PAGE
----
With a bouncy swing in its step, the highly-engaging grooves of Valiant Woman’s title track fill the air around us with a delicate rhythm that is certain to have plenty of folks moving their hips well before we hit the first chorus in the song. In this superb cut from Jenn Howard’s second studio album, we’re not given any opportunities to take a breath in preparation for what we’re about to enjoy — Howard isn’t wasting time with long, drawn-out intros here. From the title cut to the more texturally expressive beats in “Take a Hand” or the jazz-inspired swagger ala “Microphone,” all of this material seems to be packing more of a melodic punch than some of the records getting big press out of the mainstream this spring can boast.
“Hold On” is the first truly complex song in the tracklist of Valiant Woman, but it doesn’t throw a wrench in the gears of the momentum that gets us going in the first couple of tracks here. This tune brings down the tension of the beat to clear some space for Howard’s vocal to be the omnipotent force it can be when nothing is competing for the spotlight in the mix, and while “Wanted” turns up the heat once more, we segue from one song to the next as if they were always meant to be consumed in a medley. Howard is always spot-on with her singing whether she’s churning in a piece like “Hold On” or getting into the grind of a groove-focused “Pocket Fox;” after all, she’s no rookie when it comes to making a compelling rhythm all the better with her signature vocal.
The latter half of Valiant Woman is made up of more contrasting material, starting with “I Can’t Call,” and I must say that it adds a layer of charisma to the tracklist that you just don’t find every day in the pop genre anymore. “I Can’t Call” plays every bit the part of a concert-starter, while the more elaborately poetic work “Where’d You Go” feels like the culmination of an entire show’s worth of emotionality in a single performance. “Lay Down the Law” is a little edgier than the two tracks preceding it, but it leads us into a supple song in “Better Than You Think” that cathartically brings things full circle in a way that no other track here could have.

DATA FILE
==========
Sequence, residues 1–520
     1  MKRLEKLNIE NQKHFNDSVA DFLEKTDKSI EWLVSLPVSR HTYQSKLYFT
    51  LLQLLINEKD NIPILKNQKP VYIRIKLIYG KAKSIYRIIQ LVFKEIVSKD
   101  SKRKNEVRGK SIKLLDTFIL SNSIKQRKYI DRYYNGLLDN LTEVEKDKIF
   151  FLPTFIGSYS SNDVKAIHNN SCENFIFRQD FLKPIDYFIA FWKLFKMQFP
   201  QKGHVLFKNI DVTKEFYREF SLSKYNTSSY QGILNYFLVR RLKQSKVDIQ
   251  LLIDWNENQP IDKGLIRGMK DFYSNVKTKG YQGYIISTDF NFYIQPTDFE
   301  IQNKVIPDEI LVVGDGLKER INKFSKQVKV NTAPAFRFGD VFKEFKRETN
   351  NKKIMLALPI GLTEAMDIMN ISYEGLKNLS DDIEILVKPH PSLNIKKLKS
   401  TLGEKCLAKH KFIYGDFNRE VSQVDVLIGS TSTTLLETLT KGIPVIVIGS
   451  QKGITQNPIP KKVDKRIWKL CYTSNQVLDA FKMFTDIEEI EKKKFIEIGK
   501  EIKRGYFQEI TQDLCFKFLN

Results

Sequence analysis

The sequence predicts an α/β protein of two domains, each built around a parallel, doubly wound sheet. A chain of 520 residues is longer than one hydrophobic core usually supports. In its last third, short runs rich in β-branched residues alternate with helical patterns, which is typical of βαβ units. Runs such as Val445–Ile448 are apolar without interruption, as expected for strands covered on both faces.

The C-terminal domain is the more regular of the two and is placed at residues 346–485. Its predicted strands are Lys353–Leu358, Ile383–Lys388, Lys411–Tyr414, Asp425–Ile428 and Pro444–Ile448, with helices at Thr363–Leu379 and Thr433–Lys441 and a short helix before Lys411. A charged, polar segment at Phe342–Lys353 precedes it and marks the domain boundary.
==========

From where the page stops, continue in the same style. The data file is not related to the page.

Valiant Woman concludes with the recut “Lay Down the Law (radio edit),” which presents the audience with a fly-on-the-wall perspective of the pop centerpiece Jenn Howard uses that is almost guaranteed to make anyone listening feel connected with her unrelenting commitment to the medium. She’s all-in on these verses, and more specifically, the harmonies that give them an unmistakable color indicative of provocative neo-soul music. I was somewhat familiar with her last album before getting into Valiant Woman, but after hearing this most recent release, I would consider myself quite the fan indeed. Jenn Howard is a legend in the making, and her authenticity in this second album proves as much.